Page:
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Let us dive a little further into the Mill…
Every era has invented its own ballads, romances, songs and fables to entertain it. That is another matter. But none of that truly concerns the ancient poet.
The word poet means vates, which are a prophet and seer. When it comes to knowledge and law, it is referred to as poesia seriosa, i.e. “serious poetry.” It is this context that Aristotle refers respectfully to “the grave testimony of the early poets.”
The very first written documents of Mankind hold something in common: the ancients, instead of indulging on whims and fancies with a childlike freedom, behaved like worried and doubting commentators. Even worse, they admit they are only half sure of what the technical terms and what they were saying. While we babble and wonder what the ancient Greeks and Egyptians were saying, they were babbling and wondering what their ancients were saying. These ancient ancients, who spoke in these strange technical terms, are those of the Mill. My label for them, to separate them from the ancients we are familiar with, and since they possessed no writing but only oral transmission, is the word precursors. While the first writings of Mankind talked about these terms the precursors used, their words were already ‘tottering with age’ and would soon vanish from our species. Long before poetry began, there were generations of strange scholiasts.
You might ask, “Pook, what were these very ancient texts about? What terms did they talk about from those precursors?” This question just opens up a Pandora’s box of mysteries which would destroy archeology and even our definitions of civilization to the core.
They were full of stars. S. Schott, dealing with the early star lists of Egypt, points to the complexity of later generations concerning the names of the constellations even those of the “greatest gods of the Decands, Prion and Sothis, who in Ancient Egyptian are called by the names of old hieroglyphs, without anybody knowing, in historical times, what these hieroglyphs had meant, once upon a time. During the whole long history of these names we meet attempts at interpretation.” This last sentence is applied to all the most ancient texts of Mankind. There is no end of commentaries on the Pyramid Texts, the Coffin Texts and the Book of the Dead, on the Rigveda, the I-Ging, just as on the Old Testament. W von Soden regrets that we depend on the documents of the “Renaissance of Sumerian culture” (2100 B.C.) instead of having the real material at our disposal.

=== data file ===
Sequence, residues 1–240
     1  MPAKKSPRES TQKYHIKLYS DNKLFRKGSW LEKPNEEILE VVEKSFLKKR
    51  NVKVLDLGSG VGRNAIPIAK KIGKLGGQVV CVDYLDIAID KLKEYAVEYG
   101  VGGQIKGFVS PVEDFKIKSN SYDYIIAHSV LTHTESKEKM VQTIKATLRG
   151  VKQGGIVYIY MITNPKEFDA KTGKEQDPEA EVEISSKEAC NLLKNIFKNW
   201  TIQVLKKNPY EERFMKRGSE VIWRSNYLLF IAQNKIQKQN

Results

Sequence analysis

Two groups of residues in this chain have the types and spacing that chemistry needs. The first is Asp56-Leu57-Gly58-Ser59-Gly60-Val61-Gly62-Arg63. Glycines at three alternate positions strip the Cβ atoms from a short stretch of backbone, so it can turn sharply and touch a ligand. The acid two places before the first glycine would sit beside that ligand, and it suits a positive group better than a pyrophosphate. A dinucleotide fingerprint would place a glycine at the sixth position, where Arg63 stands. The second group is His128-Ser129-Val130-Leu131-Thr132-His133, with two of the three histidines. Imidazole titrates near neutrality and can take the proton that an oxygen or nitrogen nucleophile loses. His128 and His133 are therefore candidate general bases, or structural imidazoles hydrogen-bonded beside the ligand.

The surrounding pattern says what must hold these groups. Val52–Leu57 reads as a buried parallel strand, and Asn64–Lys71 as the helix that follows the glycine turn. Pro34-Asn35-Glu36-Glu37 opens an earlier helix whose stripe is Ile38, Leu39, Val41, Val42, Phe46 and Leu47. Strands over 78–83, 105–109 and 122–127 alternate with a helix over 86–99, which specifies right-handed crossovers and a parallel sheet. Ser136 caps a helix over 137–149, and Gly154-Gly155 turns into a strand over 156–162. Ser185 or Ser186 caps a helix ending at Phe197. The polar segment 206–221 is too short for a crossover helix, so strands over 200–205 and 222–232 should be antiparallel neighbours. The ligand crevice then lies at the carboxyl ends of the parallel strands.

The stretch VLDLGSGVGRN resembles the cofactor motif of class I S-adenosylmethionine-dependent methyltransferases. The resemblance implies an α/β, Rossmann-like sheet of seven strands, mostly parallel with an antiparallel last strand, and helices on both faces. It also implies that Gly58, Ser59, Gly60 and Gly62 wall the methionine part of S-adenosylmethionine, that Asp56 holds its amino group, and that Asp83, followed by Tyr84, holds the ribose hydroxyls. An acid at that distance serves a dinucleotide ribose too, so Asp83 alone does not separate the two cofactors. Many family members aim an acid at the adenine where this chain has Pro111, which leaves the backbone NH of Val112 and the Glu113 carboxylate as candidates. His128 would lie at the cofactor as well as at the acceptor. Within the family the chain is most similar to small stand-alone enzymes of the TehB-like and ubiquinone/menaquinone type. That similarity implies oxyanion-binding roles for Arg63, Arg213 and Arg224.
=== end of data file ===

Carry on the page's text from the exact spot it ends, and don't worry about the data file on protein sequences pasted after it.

The ancients had no idea how to understand the precursors. Sumerian was the language of the educated Babylonian and Assyrian. There were many Sumerian-Akkadian “dictionaries” and the numerous translations of the Gilgamesh epic betray the activity of several academies responsible for the ‘officially recognized’ text edition. But that is the Old World. On the New World, it was the same. In Mexico, of Chimalpahin’s Memorial Breve we find notes such as “In the year ‘5- house’ certain old men explained some pictographs to the effect that king Hueymac of Tollan (the mythological Golden Age city) had died.” This took place before the coming of the Spaniards.
The Greek “Renaissance,” no less than those of the previous millennia in the Near East, was the result of such an antiquarian effort. Hesiod still has the mark of it.
The editors of the Kalevala described the background as “shamanistic” (oh, that word!) by which they simply understood some kind of primitive ‘religion.’ It corresponded to their minds to primeval, instinctive magic, to be found in all five continents, associated with the tribal “medicine man.” Shamanism has remained a catchword for all those uncertain things specialists have no idea what is going on. It is irresponsible and troubling for history if someone would reduce shamanism to memories of Eskimo angekoks or to a “technique of induced ecstasy,” or to derive such acts from the Asiatic North where such things were fostered. Our grand ‘culture’ teachers do not, and cannot, pin down the ‘Shaman’ question (and often go in a bizarre Camille Paglia sexual-Freud way).
“Shaman” is a Tungusian word. The problem with Shamanism is that it is so complex that neither psychologists nor sociologists can understand it. Shamans are elected by ‘spirits’ which means he cannot choose his profession (the mentally unhinged are the prime candidates!). Once elected, the future shaman goes to “school.” Older shamans teach him his trade, and only after the concluding ceremony is when he is accepted. But the real world of shamanistic initiation of the soul happens in the world of spirits- while his body lies unconscious in his tent for days- who dismember the candidate in the most thorough and drastic manner and sew him together afterwards with iron wire, or reforge him, so that he becomes a new being capable of feats which go beyond the human.